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I need to use GNU build system to compile many files at once. So far, I've only seen examples on how to compile one file at once. This is my favorite reference:

It says:


bin_PROGRAMS = hello

hello_SOURCES = hello.c


AC_INIT([Hello Program],[1.0],

[Author Of The Program <>],








But what do I do if I want to make hello.c and hello2.c at the same time?

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This isn't a make question exactly, but a GNU build tools question. – dmckee Nov 25 '11 at 15:48

Use make -j num to compile num files at the same time. You can omit num and let make compile as much files at the same time as possible. Usually it does not make things faster any more if you compile more files at the same time than you have CPUs/cores in your system. Make sure that all dependencies are listed before using this.

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Even if using automake, it only generates the Makefile for you. You end up using the plain make command.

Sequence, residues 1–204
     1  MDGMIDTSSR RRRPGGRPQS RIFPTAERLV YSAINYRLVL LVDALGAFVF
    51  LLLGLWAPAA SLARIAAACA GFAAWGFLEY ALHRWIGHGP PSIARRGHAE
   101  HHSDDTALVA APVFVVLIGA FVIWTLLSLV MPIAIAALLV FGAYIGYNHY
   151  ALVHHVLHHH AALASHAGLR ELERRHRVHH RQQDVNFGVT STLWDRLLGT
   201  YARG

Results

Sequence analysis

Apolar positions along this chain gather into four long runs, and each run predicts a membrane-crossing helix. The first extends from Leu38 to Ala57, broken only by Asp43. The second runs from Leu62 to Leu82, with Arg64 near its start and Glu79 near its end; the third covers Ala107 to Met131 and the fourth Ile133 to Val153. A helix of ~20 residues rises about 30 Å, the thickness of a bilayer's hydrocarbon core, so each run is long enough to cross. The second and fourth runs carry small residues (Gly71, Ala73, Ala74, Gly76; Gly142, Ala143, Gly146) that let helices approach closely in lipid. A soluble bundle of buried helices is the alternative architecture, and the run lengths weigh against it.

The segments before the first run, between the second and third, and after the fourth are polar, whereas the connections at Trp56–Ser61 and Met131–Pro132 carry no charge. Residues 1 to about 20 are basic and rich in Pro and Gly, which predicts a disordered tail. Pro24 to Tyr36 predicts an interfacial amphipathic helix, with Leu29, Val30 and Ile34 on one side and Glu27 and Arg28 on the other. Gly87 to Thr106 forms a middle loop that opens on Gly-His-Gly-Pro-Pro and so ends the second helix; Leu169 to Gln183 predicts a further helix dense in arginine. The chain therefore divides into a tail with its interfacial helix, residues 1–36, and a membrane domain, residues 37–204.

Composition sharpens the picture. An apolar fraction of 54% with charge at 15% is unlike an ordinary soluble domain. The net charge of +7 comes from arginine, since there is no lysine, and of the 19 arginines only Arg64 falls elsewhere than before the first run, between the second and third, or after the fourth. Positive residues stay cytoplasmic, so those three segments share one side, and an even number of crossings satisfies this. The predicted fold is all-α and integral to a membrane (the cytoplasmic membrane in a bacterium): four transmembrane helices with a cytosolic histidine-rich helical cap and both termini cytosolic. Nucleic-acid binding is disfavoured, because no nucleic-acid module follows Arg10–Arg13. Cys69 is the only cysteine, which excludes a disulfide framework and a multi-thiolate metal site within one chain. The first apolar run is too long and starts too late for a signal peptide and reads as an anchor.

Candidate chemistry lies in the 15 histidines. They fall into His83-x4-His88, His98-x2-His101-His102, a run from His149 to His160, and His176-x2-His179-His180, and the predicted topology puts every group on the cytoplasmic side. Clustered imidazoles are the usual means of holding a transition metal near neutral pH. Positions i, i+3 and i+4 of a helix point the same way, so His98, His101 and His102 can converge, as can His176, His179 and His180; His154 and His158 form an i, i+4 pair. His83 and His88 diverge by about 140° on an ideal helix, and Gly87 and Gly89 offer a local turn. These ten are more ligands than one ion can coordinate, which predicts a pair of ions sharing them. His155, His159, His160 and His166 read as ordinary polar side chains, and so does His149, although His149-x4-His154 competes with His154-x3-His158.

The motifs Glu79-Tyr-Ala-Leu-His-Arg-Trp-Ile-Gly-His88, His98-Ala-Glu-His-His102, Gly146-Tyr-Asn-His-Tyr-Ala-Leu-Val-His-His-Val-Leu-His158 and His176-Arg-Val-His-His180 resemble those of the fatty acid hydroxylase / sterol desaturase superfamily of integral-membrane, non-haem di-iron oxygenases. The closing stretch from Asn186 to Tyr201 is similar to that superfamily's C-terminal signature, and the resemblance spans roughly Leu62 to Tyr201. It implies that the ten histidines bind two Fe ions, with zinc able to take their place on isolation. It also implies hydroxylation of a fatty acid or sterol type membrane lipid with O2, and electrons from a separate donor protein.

Add command line option -j when running make. It will instruct it to run as many build commands as it can in parallel. You can also specify the maximum number of concurrent builds yourself with -j 4. (Usual good value is nbrProcessors+1)

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If you want to build multiple targets by default in GNU make, you generate a "phony" target, a virtual target that depends on both of your results, e.g:

.PHONY: both
both: hello hello2
hello: hello.o
hello2: hello2.o
hello2.o: hello2.c

This will build both hello and hello2 if you run make or make both.


For automake, you just need to define both programs:

bin_PROGRAMS = hello hello2

hello_SOURCES = hello.c
hello2_SOURCES = hello2.c
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